The Department of Health has amended key sections of controversial secondary legislation covering the contracting out of NHS services.

The original ‘section 75’ regulations, released last month, had prompted accusations that the government had reneged on its commitment to let commissioners decide whether or not services should be tendered.

The controversy saw Liberal Democrats threaten rebellion and Labour submit a “fatal” motion in the House of Lords. Liberal Democrat health minister Norman Lamb last week said the rules would be amended.

The amended regulations – published this afternoon – show that the government has removed a clause that had been a focus of much of the criticism.

Section 5 of the original draft said commissioners could award contracts without competition when they were “satisfied” there was only one provider capable of providing the services, but that this could only be the case for “technical reasons” or “reasons of extreme urgency”. Lawyers had told HSJ the narrowness of the exemptions would make it difficult not to tender significant amounts of NHS work.

The clause restricting when a service can be defined as “capable of being provided by a single provider” has been deleted from the new draft.

In another change, the amended regulations specify that healthcare sector regulator Monitor cannot order a clinical commissioning group to run a competitive tender for a contract.

The regulations still say commissioners “must not engage in anti-competitive behaviour”. However, where previously they prohibited anti-competitive behaviour which was “not necessary for the attainment of intended outcomes which are beneficial for people who use such services”, they now prohibit anti-competitive behaviour unless it “is in the interests of people who use health care services for the purposes of the NHS”.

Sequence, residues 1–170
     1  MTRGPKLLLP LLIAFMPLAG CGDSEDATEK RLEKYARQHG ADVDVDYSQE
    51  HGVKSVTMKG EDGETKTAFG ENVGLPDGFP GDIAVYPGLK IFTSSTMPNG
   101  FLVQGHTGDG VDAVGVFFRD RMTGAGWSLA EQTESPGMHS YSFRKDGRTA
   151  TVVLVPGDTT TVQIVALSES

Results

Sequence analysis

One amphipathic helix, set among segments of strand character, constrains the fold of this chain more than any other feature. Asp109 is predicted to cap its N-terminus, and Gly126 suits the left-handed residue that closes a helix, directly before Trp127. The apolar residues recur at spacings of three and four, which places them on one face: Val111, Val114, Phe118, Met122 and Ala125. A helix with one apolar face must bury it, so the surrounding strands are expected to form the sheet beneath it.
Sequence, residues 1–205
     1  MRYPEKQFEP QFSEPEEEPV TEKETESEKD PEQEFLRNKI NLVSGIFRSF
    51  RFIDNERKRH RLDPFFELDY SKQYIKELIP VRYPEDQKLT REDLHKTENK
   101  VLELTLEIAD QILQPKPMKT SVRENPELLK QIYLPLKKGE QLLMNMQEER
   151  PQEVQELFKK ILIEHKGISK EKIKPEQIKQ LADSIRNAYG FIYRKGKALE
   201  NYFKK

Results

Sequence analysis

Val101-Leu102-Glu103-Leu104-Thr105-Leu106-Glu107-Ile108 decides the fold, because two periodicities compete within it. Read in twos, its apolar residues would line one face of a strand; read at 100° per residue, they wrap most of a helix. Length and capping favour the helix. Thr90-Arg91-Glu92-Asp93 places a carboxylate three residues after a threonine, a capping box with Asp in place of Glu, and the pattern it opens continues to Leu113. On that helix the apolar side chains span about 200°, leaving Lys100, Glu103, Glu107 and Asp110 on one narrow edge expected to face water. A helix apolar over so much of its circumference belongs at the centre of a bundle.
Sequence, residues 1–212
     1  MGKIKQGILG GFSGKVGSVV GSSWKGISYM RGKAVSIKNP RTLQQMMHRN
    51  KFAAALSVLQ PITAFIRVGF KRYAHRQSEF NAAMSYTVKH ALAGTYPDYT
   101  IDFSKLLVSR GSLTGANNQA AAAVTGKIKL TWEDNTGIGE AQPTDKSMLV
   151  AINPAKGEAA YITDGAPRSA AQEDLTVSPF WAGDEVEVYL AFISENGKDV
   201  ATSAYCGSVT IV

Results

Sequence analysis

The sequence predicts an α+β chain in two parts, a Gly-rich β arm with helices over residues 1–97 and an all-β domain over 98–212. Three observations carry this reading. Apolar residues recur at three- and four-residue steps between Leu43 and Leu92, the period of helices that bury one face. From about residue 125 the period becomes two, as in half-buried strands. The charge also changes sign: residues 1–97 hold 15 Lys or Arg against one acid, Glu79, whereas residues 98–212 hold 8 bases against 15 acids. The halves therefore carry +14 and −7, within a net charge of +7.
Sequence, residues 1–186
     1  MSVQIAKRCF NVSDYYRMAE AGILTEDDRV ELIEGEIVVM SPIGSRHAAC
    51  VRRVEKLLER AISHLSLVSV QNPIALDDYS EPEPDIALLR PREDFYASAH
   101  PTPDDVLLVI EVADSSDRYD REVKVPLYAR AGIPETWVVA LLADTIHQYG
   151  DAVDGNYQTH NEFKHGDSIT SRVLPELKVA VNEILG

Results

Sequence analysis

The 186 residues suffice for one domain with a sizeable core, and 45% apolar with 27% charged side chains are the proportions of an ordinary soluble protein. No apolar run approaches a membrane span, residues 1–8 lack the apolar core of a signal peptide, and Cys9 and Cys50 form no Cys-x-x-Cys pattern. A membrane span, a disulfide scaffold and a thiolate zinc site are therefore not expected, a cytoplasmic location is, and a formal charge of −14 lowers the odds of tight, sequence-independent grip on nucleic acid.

These interests could be served by “services being provided in an integrated way (including with other health care services, health-related services, or social care services); or by co-operation between the persons who provide the services in order to improve the quality of the services,” the amended regulations state.

David Worskett, chief executive of the NHS Partners Network which represents independent sector providers, told HSJ “some would see it as a victory” although “in the real world” the amendments just make clearer what the government said all along.

“I am sure some doctors will try and adopt a preferred provider policy and some will want to tender and we will see what happens. The regulator will have rather more teeth than they did.”

“But in law the government has made it much, much clearer that it is the status quo that is being enacted.”

Health Minister Lord Howe, who led the Health Act 2012’s progress through the House of Lords, said the amendments had put the government’s intentions on integration and competition “beyond doubt.”

He said: “We have taken concerns about the regulations very seriously and want to put beyond doubt their intended purpose. We have acted quickly to address the issues and lay revised regulations.

“It has never been and is absolutely not the Government’s intention to make all NHS services subject to competitive tendering or to force competition for services. That would compromise the power and freedom we are giving to local doctors and nurses.

“I believe we now have a set of regulations which puts this beyond doubt.”

The British Medical Association welcomed the redrafting of the rules but chair of BMA Council Mark Porter said he still had misgivings about the “direction of travel for the NHS”.

“The redrafted regulations, if supported by clear guidance, should provide greater clarity on the commissioning process,” Dr Porter said.

“However, we remain concerned about the overall direction of travel for the NHS. It is vital that competition is not allowed to undermine integration, innovation, or clinical autonomy.  There still needs to be a full parliamentary debate, to provide absolute clarity that CCGs will have the freedom to decide how best to secure high quality services for local populations.”